And Then You Are “There”…
You may have spent hours planning for your trip or weeks or months figuring out where you are going, what you want to do, what your backup plans will be and whether you have all the gear you need. You will have made lists upon lists and checked things off as you got closer to the time of departure.
Then there is the day you leave. Whether you packed everything in advance or not, leaving to go camping always feels a bit more intense than other types of trips. Maybe it’s that you’ve had to prepare for more variables. Or perhaps it is that you are headed somewhere that missing out on a knife or a fuel canister might mean no dinner or forgetting a towel might mean drying off after a shower with a t-shirt and being soggy and without the shirt you need for a day. You might be headed somewhere a long way from where you can buy a replacement for that missing item. Or you just aren’t sure where there might be to shop and restock along the way. [Did I mention that you should probably scope out a few outdoor shops and supermarkets along your trip? It is super helpful to know of a few places you might go if you are freezing/in need of a can opener/in need of bug spray or camp fuel or camp matches.]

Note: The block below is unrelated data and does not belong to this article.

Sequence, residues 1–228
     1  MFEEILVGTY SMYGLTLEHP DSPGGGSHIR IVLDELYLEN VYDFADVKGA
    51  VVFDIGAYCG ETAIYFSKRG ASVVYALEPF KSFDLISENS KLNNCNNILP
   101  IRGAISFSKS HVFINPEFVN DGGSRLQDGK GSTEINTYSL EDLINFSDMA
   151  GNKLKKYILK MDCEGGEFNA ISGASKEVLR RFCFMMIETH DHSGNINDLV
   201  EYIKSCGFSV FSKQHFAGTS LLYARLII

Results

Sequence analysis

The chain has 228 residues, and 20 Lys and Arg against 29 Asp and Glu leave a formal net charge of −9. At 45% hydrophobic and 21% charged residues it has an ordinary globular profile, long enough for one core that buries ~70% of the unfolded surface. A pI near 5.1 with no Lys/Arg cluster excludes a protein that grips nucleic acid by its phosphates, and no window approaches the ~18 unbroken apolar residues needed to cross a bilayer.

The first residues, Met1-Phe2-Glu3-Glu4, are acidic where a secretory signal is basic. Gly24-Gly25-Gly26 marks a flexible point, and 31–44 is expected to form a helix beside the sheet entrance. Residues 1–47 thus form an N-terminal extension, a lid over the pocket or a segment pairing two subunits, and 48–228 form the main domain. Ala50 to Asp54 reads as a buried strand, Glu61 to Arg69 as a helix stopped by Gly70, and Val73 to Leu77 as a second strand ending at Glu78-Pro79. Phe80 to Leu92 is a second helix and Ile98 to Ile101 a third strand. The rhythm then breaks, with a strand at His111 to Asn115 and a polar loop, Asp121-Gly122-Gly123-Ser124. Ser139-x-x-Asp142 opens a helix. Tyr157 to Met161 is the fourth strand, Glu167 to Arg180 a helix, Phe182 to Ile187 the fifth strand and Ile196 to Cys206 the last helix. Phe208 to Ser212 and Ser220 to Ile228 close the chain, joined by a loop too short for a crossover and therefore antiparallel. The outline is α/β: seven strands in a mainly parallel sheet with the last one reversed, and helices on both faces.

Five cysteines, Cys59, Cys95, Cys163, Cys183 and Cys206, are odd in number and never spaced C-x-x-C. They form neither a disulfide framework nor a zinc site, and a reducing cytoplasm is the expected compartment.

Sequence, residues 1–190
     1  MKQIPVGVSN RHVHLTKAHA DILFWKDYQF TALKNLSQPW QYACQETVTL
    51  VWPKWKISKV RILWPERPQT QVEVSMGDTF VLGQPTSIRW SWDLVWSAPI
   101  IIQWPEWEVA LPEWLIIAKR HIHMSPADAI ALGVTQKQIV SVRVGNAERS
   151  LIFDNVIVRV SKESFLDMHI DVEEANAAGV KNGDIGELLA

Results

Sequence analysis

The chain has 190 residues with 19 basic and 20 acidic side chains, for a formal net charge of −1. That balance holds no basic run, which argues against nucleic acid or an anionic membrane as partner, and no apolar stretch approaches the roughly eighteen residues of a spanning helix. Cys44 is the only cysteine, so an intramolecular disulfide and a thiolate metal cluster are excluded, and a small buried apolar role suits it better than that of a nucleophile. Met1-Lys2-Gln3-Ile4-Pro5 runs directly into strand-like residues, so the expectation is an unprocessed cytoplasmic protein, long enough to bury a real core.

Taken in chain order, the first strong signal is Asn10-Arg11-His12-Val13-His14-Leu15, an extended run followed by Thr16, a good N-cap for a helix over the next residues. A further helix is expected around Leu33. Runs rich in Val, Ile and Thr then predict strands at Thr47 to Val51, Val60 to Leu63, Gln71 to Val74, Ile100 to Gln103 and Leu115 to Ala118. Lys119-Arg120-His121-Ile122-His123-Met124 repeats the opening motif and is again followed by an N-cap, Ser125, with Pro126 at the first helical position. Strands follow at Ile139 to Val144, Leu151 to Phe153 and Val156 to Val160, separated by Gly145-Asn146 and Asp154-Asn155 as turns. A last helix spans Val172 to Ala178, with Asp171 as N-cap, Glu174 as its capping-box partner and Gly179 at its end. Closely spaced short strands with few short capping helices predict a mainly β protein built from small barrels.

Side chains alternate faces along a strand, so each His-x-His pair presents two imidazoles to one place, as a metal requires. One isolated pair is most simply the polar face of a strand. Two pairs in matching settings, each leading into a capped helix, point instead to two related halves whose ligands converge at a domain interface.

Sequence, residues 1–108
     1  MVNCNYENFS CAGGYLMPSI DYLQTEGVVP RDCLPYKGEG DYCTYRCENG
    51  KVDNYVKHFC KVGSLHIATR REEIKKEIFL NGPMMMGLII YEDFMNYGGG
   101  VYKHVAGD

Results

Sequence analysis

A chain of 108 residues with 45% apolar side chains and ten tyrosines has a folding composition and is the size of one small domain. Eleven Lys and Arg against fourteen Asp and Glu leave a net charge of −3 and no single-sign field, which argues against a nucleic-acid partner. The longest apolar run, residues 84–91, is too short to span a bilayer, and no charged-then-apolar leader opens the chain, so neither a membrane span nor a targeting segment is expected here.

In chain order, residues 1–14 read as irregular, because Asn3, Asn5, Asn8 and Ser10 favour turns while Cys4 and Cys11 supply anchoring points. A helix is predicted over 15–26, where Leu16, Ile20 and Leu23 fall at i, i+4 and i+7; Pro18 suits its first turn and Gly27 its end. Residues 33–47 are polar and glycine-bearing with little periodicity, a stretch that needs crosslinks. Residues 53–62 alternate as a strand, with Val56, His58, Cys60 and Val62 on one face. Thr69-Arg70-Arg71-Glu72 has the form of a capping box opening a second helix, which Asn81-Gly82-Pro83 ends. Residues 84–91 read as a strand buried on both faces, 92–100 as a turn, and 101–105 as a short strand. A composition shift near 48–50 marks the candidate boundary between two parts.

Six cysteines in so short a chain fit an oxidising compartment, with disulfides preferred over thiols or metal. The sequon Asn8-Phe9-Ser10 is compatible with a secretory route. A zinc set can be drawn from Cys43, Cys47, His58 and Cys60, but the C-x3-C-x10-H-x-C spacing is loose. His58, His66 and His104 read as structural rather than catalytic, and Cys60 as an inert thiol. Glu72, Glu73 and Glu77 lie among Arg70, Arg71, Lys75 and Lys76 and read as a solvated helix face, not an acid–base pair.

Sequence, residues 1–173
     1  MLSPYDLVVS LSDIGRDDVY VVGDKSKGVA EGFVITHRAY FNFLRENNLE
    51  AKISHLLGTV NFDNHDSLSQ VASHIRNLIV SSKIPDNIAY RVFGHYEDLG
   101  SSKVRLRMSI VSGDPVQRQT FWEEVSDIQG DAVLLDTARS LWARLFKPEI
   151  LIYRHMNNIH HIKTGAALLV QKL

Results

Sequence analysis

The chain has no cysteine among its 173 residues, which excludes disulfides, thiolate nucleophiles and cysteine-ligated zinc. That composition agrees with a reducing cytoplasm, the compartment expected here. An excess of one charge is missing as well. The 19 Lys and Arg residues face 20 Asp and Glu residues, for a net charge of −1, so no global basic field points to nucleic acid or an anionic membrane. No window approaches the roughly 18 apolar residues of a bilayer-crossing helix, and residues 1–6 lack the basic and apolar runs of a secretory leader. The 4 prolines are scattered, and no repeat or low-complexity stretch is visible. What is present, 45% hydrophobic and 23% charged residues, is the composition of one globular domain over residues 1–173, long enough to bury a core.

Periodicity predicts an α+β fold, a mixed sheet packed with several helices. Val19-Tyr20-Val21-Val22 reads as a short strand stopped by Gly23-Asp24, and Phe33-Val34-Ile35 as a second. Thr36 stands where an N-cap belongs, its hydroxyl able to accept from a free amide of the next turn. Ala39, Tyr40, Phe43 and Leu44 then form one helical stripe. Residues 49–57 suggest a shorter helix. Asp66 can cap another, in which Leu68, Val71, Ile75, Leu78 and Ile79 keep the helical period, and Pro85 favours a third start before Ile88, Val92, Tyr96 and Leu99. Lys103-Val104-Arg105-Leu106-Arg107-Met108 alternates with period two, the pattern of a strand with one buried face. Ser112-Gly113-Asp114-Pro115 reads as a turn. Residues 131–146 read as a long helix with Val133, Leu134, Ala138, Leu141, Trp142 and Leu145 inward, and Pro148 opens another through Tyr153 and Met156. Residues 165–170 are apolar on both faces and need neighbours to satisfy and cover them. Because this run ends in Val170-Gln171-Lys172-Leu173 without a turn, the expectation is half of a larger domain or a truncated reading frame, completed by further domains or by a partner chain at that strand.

At any rate, it can be harder to get out and on the way when you are camping. And there is always the unknown moment of “will it all fit?” as you pack the car. And what will you leave behind if you need to make space?
Add to that a car trip where you spend hours belting out tunes as you cruise highways and byways headed to your destination. Google maps say five hours twenty minutes when inevitably it takes more like seven hours. It seems like you might never get there. I might note that it’s always good to plan a few stops and a well timed lunch along the way to keep blood sugars and tempers even as you maneuver amongst the traffic. Of course this is what adds to the time, but in the end it is better to get a stretch and food along the way.
And eventually, you are there. It seemed like forever away and here it is. You set up camp, you get the lay of the land, you build a fire, you read a book. You breathe in fresh air and enjoy a simple meal and stare at the view of the trees or the ocean or the fire or other campers. You slow down and just relax. Because as Tom says “camping can be a good excuse to do nothing.”